Things look a little different now than they might have earlier, with John Lackey out. There’s no more Adam Warren to fall back on, Trevor Cahill has been used for extended outings quite a lot of late, and Travis Wood has been beat up a bit after shouldering an extensive workload. If you don’t think too hard, there just doesn’t seem to be anyone up to the task of picking Lackey’s baton up and running with it.
Enter Mike Montgomery, who just one short month ago wasn’t a twinkle in any Cubs fans eyes. He wasn’t even a rumour on their lips. But as the Cubs found themselves in a bind with one of their best starters on the DL in the thick of a playoff race, Montgomery stepped up and delivered 4 ⅓ innings of some of the most impressive pitching I’ve seen from a Cubs spot starter since… well, a very long time.
Montgomery didn’t just do his job on the mound, he did it with ease, grace, and consistency. A casual baseball observer would look at him and not even think twice. It looked as though Montgomery had been doing this starting pitching thing his whole life. But this was only Montgomery’s first start in over a month, and only his third start of the season.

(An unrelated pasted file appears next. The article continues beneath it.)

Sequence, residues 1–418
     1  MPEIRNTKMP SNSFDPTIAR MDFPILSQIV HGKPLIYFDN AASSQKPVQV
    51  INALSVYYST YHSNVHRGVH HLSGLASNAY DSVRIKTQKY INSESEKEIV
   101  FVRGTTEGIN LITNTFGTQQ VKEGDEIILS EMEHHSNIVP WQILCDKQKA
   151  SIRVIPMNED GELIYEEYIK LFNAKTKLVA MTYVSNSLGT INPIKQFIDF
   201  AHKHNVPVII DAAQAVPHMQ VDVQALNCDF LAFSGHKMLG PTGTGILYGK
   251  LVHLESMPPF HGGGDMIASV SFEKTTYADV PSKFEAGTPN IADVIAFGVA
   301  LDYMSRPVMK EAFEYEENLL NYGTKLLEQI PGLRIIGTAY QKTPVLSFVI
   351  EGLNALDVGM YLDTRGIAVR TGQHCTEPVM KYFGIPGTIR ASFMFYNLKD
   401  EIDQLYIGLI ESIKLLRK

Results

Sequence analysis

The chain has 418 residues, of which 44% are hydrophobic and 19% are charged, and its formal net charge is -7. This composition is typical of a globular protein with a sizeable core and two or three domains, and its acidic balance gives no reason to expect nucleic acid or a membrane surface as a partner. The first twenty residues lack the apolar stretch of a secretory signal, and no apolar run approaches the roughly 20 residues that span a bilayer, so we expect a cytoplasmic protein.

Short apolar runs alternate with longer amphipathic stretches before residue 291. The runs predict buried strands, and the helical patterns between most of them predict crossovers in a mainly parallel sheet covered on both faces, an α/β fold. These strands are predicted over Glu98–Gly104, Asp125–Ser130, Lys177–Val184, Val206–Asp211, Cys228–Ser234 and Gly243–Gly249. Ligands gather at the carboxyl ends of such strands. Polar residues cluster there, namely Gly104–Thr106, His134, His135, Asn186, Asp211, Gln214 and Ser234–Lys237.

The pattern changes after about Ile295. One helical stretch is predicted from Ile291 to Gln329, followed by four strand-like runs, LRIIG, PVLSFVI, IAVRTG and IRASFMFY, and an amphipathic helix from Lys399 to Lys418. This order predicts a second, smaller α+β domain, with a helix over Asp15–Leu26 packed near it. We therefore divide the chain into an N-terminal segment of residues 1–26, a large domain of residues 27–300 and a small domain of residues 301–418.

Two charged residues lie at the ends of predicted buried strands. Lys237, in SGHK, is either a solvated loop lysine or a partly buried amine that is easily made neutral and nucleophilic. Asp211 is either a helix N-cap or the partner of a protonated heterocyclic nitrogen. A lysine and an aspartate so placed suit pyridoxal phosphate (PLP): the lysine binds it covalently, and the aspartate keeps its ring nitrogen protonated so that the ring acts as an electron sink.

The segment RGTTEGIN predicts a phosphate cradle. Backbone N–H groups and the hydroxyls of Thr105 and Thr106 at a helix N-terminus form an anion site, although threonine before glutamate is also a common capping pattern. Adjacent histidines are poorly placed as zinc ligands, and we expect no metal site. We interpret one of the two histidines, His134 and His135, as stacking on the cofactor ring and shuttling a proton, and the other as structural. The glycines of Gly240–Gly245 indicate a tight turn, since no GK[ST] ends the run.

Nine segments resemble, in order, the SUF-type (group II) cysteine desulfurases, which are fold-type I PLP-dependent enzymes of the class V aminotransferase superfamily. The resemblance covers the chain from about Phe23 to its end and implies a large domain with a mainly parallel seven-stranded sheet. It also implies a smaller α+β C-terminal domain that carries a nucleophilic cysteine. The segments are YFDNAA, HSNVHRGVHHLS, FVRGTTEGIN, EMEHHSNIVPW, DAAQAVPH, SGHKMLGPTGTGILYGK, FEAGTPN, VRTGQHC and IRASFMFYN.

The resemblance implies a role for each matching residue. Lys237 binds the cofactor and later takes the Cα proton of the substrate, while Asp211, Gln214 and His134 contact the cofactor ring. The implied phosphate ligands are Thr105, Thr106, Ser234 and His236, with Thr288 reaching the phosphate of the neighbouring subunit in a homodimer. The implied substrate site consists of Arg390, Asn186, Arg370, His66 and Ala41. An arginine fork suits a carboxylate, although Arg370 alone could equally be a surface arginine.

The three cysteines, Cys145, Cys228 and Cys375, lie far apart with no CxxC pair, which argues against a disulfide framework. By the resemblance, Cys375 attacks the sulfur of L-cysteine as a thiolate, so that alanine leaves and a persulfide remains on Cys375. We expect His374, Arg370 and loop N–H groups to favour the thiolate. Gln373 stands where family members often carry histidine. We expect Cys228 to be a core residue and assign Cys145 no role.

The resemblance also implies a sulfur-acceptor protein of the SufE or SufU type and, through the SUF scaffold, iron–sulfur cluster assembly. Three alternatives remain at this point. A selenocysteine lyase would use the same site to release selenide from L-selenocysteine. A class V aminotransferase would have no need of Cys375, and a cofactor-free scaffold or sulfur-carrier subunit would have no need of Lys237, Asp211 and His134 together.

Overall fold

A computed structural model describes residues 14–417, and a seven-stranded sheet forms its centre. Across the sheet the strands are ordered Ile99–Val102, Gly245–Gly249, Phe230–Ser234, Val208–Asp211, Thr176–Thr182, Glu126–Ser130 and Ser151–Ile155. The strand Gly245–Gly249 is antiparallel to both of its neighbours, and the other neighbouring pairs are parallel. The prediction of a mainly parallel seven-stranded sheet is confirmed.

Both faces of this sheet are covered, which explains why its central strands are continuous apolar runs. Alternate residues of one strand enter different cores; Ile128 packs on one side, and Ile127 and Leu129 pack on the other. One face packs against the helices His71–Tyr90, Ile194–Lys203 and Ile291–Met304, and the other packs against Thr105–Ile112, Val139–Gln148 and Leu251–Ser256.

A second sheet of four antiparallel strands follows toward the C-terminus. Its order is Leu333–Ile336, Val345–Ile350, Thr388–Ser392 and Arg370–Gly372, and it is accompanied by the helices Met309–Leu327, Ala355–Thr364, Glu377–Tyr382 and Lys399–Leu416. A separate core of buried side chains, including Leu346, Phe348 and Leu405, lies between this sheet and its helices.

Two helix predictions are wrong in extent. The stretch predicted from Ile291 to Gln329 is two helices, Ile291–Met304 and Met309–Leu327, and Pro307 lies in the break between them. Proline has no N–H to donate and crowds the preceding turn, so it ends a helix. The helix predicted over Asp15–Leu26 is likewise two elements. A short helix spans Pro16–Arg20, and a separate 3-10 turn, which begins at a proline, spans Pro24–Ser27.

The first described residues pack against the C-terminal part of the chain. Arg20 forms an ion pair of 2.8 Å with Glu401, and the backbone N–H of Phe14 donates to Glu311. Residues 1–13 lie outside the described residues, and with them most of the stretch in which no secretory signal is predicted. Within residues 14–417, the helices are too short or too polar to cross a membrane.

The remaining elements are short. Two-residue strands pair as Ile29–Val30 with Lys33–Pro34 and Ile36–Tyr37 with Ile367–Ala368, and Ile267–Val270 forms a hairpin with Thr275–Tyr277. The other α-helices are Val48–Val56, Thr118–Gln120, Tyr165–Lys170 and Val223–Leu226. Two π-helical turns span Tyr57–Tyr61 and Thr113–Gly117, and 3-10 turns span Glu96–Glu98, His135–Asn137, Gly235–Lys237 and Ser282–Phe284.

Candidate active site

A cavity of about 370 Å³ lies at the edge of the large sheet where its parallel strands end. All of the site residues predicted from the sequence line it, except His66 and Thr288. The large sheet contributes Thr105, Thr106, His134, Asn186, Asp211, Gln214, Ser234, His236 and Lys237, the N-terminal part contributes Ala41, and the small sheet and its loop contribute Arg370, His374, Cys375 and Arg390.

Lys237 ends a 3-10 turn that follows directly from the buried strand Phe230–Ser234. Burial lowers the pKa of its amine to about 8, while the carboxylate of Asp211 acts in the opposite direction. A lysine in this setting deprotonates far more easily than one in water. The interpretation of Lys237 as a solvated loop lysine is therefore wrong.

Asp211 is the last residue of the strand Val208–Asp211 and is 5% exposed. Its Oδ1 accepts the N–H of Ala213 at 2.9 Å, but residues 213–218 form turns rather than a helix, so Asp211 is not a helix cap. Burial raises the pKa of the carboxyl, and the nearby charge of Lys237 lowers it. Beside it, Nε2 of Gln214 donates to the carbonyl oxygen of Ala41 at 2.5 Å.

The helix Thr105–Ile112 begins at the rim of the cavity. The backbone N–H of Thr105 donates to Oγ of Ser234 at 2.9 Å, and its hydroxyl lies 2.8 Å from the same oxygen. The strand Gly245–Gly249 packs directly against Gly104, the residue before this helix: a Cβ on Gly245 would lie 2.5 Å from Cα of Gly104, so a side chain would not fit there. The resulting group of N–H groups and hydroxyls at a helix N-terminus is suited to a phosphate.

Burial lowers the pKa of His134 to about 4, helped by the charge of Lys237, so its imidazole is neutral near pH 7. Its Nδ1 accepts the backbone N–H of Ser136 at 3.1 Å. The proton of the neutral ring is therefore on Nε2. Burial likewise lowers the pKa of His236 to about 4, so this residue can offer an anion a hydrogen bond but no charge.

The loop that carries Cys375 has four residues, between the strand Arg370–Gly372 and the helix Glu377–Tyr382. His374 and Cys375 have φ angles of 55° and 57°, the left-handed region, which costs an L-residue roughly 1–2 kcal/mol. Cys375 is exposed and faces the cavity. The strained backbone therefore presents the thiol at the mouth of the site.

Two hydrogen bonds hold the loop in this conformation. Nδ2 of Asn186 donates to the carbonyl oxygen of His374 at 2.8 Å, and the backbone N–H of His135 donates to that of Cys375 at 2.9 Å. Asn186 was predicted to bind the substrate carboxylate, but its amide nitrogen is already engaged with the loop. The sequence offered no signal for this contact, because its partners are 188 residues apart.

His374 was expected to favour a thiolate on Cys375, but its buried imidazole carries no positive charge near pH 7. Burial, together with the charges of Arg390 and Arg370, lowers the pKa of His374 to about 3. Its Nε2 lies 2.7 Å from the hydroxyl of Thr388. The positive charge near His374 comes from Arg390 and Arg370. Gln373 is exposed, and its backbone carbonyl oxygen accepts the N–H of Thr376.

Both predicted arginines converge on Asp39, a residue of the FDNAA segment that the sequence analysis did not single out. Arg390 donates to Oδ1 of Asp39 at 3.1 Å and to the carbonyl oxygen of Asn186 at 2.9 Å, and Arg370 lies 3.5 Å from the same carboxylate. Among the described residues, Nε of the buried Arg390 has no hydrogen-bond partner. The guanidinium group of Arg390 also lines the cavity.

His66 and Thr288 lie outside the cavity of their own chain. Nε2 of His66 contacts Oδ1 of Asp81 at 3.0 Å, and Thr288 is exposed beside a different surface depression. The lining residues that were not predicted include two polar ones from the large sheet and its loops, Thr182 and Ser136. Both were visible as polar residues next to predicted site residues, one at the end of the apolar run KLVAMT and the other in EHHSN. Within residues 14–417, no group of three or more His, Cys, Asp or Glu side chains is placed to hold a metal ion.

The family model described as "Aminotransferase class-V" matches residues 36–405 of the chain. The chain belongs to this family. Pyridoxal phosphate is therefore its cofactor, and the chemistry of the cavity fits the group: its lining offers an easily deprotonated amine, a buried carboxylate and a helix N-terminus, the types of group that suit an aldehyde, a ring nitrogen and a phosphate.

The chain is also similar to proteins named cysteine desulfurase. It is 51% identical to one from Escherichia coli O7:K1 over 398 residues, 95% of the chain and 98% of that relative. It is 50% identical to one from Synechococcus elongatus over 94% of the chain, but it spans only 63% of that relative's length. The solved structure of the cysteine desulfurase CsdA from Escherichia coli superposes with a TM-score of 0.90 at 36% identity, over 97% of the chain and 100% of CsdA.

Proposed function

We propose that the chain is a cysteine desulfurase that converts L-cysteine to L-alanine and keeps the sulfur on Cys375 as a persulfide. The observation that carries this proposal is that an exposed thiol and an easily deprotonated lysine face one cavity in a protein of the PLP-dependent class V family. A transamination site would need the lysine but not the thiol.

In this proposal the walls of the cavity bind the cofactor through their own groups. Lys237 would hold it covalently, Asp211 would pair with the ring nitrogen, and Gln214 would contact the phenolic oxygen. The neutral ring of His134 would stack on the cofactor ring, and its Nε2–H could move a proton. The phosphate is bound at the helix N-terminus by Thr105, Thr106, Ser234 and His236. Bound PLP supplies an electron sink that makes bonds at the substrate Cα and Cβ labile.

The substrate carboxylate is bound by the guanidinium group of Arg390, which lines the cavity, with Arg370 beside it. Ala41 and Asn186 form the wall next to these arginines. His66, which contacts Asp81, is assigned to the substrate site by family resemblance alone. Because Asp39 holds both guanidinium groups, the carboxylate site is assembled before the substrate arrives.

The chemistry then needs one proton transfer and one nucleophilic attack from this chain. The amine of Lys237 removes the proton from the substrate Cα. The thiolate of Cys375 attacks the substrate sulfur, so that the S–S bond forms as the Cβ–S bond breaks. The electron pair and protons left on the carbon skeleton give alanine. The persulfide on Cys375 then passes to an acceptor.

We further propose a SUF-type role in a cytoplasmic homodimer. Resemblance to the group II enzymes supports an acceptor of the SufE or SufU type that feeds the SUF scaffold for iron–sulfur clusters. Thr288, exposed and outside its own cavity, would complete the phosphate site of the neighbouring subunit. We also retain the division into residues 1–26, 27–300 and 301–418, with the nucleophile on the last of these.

“It’s an easy delivery, an easy everything,” Maddon said of Montgomery’s start on Saturday. “He’s pitching with confidence. I see him settling [in].”
Montgomery dazzled, raking up an impressive five strikeouts, just two walks, and only allowed one hit—a solo home run in the fifth inning to catcher Nick Hundley on a cut fastball that Hundley just happened to be on top of. The thing is, it wasn’t even a bad pitch, it was just one of those tip-your-cap moments where the batter simply beats you.
Not only did Montgomery stitch together an impressive start that was only cut short due to a very closely monitored pitch count (Montgomery threw just 61 pitches before being promptly pulled after the home run), but he did it in one of the hardest ballparks to pitch in—Coors Field. Let that sink in. One home run. Spot starter. Coors Field.
The Rockies haven’t had themselves a terrible season, either. It’s not as if Montgomery was hurling his 93 mph fastball past kids in rookie ball and stacking up the whiffs. Take a look at where the Rockies rank in these offensive categories. This the caliber of lineup that Montgomery went up against on Saturday:
The Rockies are among the top three in all of baseball in offensive categories, hanging out with company such as the hit machine that is the 2016 Red Sox, and on base fiends in the Chicago Cubs themselves. Though they may be middle of the pack in strikeouts, at least that proves that they’re striking out at a league average clip, and aren’t simply boosting the public’s perception of Mongomery’s talent under the guise of being a swing prone team (for the record, the Rockies swinging strike rate is just around 10 percent, a touch higher than league average at 18th-best).
Montgomery displayed two key aspects of his game on Saturday which are essential to the makeup of a good pitcher: He had excellent command of his fastball, and he controlled all his pitches impeccably.
Let’s take a look at a few sequences that stood out to me during Montgomery’s outing.